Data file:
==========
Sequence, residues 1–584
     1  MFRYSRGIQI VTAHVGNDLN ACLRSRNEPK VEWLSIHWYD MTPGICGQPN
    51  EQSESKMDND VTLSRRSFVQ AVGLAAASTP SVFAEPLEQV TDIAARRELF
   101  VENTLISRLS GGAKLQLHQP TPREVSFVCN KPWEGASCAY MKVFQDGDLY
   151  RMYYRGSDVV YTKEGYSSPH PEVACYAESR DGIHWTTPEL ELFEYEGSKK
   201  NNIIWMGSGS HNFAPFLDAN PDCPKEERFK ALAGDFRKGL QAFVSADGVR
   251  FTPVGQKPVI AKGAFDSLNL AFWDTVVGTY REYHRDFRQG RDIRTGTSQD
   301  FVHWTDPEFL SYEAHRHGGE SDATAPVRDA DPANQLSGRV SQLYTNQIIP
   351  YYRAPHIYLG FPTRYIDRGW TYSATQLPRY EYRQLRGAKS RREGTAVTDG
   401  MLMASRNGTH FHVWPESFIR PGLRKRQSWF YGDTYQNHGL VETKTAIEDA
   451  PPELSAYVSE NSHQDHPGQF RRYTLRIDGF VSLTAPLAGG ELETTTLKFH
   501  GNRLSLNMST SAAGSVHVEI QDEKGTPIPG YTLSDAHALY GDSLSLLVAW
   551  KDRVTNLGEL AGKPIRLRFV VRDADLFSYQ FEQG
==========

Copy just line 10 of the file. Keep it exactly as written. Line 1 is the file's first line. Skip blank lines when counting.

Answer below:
   401  MLMASRNGTH FHVWPESFIR PGLRKRQSWF YGDTYQNHGL VETKTAIEDA